Joined
    May 24, 2006
    Let me preface this by saying that I neither have nor want children (this in no way invalidates anyones choice to have any:rolleyes:) so my bf and I definetly notice when children are misbehaving. We notice even more when parents are ignoring it. I'm sorry, but just because you are on your vacay doesn't mean you get to take a vacation from parenting :confused3 Please don't tell yourself that most people have kids, most people sympathise, most people don't mind, or whatever if your kid melts down. The polite thing to do is to remove them from any enclosed area (if you are in a line, leave the line, if you are in a theatre, leave the theatre, if you are in a restaurant, leave the restaurant) to calm your little one down and deal with them.
    Also please, please, please discipline them the same way you would at home! To not do that lets them know you are a push over on vacation and they can do as they please with no consequences. Just because it may inconvenence you doesn't mean you should skip it. If you usually do a time out - do it! It gives your child much needed structure and lets them know that you expect good behavior, even at a theme park. We can't tell you how many times we were annoyed by people letting their kids run wild at the expense of others. The one family that stood out to us the most as the best parents ever were the ones that actually gave their kids a time out for their tantrum at having to leave Dinoland. The kids were wailing and slapping and kicking at their dad and they sat them down and made them sit for a time out. It worked and the kids left sniffling and parents seemed calm. Kudos to them!:goodvibes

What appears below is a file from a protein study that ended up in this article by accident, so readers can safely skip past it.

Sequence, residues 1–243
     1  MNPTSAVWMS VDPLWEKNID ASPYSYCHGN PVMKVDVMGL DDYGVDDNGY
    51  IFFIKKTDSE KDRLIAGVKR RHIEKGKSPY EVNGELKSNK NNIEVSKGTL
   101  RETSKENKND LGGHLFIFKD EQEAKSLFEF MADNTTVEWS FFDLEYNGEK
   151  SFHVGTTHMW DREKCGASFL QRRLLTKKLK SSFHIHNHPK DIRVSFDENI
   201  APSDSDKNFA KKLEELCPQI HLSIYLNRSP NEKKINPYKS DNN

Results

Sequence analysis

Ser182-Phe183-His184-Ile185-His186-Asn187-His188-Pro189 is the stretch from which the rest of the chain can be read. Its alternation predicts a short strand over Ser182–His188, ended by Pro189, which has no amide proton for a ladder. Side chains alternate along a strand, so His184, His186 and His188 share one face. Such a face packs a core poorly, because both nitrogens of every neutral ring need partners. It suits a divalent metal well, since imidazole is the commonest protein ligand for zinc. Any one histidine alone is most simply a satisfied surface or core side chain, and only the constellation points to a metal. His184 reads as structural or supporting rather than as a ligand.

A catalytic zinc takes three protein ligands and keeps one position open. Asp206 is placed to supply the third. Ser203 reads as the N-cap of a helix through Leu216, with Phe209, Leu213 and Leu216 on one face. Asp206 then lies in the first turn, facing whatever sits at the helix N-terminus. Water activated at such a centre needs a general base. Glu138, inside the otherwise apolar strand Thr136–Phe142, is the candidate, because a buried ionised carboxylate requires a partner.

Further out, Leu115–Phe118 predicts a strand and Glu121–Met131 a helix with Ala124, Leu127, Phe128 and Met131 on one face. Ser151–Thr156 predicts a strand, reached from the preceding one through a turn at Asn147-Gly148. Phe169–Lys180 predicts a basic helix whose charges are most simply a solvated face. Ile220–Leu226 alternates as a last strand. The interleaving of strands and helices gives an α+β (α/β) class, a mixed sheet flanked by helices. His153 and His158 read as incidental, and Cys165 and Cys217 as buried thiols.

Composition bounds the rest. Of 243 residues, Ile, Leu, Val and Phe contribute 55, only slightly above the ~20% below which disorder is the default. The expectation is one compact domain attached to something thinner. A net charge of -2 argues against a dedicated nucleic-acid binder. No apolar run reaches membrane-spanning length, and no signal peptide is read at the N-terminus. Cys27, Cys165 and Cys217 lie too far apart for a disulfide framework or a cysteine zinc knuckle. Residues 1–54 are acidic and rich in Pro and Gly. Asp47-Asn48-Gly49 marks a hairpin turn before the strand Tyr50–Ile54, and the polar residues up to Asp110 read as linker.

Can't agree with you there.. I have a 2yr old who is just learning to talk and express his feelings.. he throws plenty of fits to see what reaction he will get out of people or because he is upset that we cant understand him. Thats what two yr olds do.. the worst this to do is give them attention when all they want is a reaction so if my son is whining for no reason then I'm going to ignore him for a little and see if that works rather then giving him what he wants. Sorry if u run into us in the park! I used to say things like you said before I had a kid.. easy to say what not to do or to do when you don't have a little monster. With all this said.. I would NEVER let my son get away with doing something mean, nasty or anything to anyone but sometimes small tantrums or fits need to be ignored for a few.
     

    Sammie

    DIS Veteran
    Joined
    Aug 20, 1999
    I think it is very nice to apologize for them. I know I appreciate it.